National Congress of American Indians VP Mark Macarro, Violator of The Civil and Human Rights of HUNDREDS of American Indians. Runs Apartheid system in Temecula.https://t.co/G7O00Kn7aS@CForeman31 @indianz @NCAI1944 @SecDebHaaland— Original Pechanga (@opechanga) October 6, 2022
Spirit Rangers, which is designed with young audiences in mind, showcases the work of Karissa Valencia, who hails from the Santa Ynez Band of Chumash Indians. According to Netflix, she is the “first California Native American showrunner” on the streaming service. “When I was home on the reservation going to bear ceremonies, powwows, or working as a camp counselor for Camp Kalawashaq’, I was constantly inspired by my culture,” Valencia said. She collaborated with the Santa Ynez Band’s Culture Department to help tell the stories of her community. “With the Elders’ support, and in partnership with the Culture Department, we’ve created an authentic modern show that I wish I had growing up,” Valencia added. “You’ll see clapper sticks, hear the beautiful voices of our community Samala singers in the underscore and meet characters inspired by our California wildlife.” Despite widespread media coverage of disenrollment issues, the Pechanga Band has long shied from speaking about its decisions and decision making processes. Whether it’s a California outlet or a national one, Chairman Macarro’s has often described such matters as internal and private. The tribe, however, confirmed the very public statement about Proudfit as legitimate when asked by Indianz.Com on Wednesday. According to a person knowledgeable of the way the Pechanga council works, Macarro himself would have had to give final approval to the document before it was disseminated. “The tribe defines its membership, not public opinion,” said the person, who otherwise did not know what circumstances led the Pechanga Band to speak out.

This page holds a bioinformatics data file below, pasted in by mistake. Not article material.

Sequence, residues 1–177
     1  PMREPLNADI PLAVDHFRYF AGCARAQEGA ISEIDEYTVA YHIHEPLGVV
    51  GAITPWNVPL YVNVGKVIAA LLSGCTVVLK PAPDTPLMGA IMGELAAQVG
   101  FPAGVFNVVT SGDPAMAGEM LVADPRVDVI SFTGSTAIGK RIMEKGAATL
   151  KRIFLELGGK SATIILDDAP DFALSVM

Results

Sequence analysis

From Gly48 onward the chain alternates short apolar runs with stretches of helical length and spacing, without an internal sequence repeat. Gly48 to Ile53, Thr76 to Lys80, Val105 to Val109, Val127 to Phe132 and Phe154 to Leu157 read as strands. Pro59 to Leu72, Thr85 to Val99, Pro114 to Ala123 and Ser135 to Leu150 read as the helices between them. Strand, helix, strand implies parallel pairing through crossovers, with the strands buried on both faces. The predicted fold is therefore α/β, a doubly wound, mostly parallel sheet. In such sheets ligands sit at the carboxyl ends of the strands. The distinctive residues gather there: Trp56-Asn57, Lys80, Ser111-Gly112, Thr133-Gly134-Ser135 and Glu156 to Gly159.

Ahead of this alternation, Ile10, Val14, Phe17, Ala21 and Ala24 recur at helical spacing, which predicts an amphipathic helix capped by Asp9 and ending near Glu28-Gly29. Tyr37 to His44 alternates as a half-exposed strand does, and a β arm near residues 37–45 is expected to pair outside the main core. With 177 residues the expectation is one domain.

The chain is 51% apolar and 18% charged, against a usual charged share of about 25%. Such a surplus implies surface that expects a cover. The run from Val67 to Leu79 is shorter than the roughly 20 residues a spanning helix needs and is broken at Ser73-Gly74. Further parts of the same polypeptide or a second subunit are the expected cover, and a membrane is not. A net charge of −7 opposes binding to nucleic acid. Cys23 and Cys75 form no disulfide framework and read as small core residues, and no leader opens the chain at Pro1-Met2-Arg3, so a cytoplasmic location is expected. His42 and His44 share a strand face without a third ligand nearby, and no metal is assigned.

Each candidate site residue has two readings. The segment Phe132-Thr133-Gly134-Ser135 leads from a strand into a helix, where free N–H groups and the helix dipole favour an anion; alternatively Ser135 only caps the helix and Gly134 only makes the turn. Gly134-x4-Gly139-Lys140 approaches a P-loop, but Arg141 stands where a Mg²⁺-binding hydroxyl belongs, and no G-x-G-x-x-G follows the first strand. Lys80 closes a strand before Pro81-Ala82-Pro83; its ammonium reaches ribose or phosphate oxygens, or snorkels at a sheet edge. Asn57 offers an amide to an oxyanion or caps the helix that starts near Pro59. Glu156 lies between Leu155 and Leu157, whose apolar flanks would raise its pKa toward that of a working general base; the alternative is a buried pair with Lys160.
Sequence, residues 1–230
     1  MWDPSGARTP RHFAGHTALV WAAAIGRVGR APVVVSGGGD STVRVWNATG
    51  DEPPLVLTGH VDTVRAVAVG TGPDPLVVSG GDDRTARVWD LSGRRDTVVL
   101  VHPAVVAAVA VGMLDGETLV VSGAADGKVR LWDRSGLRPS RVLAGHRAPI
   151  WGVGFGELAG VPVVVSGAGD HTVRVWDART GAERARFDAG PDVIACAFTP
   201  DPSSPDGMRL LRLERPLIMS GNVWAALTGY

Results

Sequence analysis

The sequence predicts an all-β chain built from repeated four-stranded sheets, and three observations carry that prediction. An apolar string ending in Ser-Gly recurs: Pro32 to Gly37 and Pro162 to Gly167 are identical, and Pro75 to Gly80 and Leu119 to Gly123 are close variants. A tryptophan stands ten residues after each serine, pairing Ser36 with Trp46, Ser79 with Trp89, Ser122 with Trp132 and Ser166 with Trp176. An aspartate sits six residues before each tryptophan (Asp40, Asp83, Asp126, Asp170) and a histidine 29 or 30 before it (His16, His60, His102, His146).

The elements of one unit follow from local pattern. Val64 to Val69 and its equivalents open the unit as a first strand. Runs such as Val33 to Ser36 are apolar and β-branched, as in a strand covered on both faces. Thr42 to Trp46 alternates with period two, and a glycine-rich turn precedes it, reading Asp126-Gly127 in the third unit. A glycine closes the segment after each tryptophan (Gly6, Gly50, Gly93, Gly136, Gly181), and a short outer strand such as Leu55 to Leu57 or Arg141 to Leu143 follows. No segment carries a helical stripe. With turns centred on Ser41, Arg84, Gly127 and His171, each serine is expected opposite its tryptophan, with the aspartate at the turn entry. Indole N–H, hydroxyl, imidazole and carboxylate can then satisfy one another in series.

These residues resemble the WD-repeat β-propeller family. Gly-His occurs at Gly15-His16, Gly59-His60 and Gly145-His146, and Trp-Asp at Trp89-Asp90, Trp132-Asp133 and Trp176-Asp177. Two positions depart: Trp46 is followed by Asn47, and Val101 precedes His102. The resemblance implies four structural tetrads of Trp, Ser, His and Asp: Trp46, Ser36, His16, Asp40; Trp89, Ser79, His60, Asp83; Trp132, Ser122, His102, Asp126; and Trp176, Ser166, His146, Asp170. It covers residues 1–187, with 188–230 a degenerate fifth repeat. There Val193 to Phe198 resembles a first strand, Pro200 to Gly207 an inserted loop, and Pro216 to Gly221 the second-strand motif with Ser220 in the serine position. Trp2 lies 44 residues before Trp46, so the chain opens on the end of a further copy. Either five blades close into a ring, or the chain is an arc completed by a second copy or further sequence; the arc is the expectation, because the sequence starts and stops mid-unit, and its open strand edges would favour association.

This show and this image is everything. I am so thrilled for Karissa Valencia, Chumash creator and the amazing talented writers, actors, musicians, artists involved, its been a delight to work with so many talented folks @netflix Let's Go Spirit Rangers!! https://t.co/HlmLUjjtUw— Joely Proudfit, Ph.D. (@Nativeprof) June 14, 2022